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-   -   Crafty DIYers (http://cellar.org/showthread.php?t=31523)

xoxoxoBruce 08-05-2018 10:55 PM

1 Attachment(s)
One advantage of DIY is you can make stuff no respectable professional craftsman would, unless you offered a lot of cash and he still wouldn't sign it. :haha:

Gravdigr 08-07-2018 02:14 PM

Pass.

On both.

xoxoxoBruce 08-07-2018 07:26 PM

I find this hard to believe, no splitting and I didn't see drilled pilot holes. I guess it's like the 2x4 through a phone pole from a hurricane. I suspect the "nails" have to be fresh, plus the right phase of the moon and weight of the jockey.


Griff 08-08-2018 06:18 AM

That is cool.

Happy Monkey 08-08-2018 12:49 PM

Easy to drill out if one is defective, but hard to know whether one is defective, before or after use. I would expect the relative hardness of the woods to matter. Beech is fairly hard, and "compressed beech" is probably harder. If there's any other treatment/infusion to keep it compressed, it would be even harder (and may compensate for defects in the wood grain).


Not sure I'd trust it as the sole fastener for the use shown in the video (fasten 2x4 as table leg, fasten corners of a bedframe), but I probably wouldn't trust a metal brad for that either. To keep a real joint from slipping, though, it ought to work fine.

Gravdigr 08-08-2018 01:29 PM

Interesting concept.

glatt 08-09-2018 07:54 AM

It's basically dowel joinery, without the glue. But the glue doesn't matter if the "lignin welding" actually does bond between the wooden nail and surrounding wood like they claim. HM is right, though, that it's not going to make a very strong joint all by itself.

I can see it being used to nail decking down. Gravity is holding those boards in place anyway and the wooden nails just keep them from shifting.

Here is the technical data they offer for the strength of their LignaLoc wooden nails. I'm not smart enough to understand what that means. I think shear strength is probably the most important value. They talk about "Shear resistance" being 362 Newtons for the wooden LignoLoc nails. When I look up values for screws to see if they compare, I found this one reference that talks about Simpson screws having "fastener allowable steel strength" in shear of 800 lbf. One lbf is 4.45N, so the steel screws have 3,560 N of shear strength vs. 362 N for the wooden nails.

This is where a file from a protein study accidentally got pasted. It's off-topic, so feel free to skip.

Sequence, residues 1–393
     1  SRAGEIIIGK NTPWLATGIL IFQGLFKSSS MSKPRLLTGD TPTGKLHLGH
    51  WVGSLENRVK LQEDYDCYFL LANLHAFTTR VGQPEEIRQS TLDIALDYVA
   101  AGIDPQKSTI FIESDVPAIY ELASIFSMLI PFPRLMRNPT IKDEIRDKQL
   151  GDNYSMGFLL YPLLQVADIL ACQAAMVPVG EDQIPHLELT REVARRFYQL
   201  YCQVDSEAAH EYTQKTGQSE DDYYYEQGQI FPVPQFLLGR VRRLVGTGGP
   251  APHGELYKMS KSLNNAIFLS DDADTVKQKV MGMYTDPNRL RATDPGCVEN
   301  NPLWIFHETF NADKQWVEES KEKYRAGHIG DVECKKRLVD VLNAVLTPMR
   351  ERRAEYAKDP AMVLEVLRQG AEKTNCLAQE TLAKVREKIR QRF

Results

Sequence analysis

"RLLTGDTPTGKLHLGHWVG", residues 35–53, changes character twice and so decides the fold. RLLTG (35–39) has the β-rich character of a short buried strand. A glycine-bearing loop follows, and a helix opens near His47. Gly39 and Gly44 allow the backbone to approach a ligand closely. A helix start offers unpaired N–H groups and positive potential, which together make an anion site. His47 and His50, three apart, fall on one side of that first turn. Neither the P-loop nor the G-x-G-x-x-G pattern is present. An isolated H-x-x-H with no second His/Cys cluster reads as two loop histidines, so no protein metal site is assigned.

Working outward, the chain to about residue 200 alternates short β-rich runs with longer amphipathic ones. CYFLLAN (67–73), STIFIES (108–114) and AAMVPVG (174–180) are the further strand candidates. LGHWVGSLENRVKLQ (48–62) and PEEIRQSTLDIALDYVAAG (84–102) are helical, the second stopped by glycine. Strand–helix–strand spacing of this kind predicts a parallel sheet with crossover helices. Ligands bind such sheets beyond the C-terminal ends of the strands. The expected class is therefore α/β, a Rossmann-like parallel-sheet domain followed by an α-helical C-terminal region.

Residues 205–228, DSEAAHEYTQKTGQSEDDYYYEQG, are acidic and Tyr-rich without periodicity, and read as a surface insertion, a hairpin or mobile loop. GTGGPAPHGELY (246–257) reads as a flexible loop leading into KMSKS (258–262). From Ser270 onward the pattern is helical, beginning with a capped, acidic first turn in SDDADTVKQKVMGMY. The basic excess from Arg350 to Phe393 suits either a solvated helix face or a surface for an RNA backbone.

So steel is ten times stronger than wood.

But maybe you don't need all that strength for everything you make.

Griff 08-10-2018 06:37 AM

Very useful if you're sneaking a deck through airport security.

Gravdigr 08-10-2018 01:23 PM

"Sir, are you hiding something in your pants?"

"Just my deck."

xoxoxoBruce 08-10-2018 10:33 PM

1 Attachment(s)
Mama said, if you're going to have vices make sure they are clean ones.

glatt 08-11-2018 05:46 AM

I like. It's very ornate, of course, and I would be afraid to really whale on that little anvil surface at the front by the clamp. But it's perfect for smaller more precise tasks.

BigV 08-11-2018 10:53 AM

Quote:

Originally Posted by Griff (Post 1013145)
Very useful if you're sneaking a deck through airport security.

Get out of my head.

xoxoxoBruce 08-18-2018 07:58 AM

Tricky case...


BigV 08-18-2018 10:18 AM

Hell no. A thousand times no.

The butterfly is pretty.

xoxoxoBruce 08-24-2018 09:12 PM

1 Attachment(s)
If you're going to fill in the voids with resin, why not be honest and make it visible.


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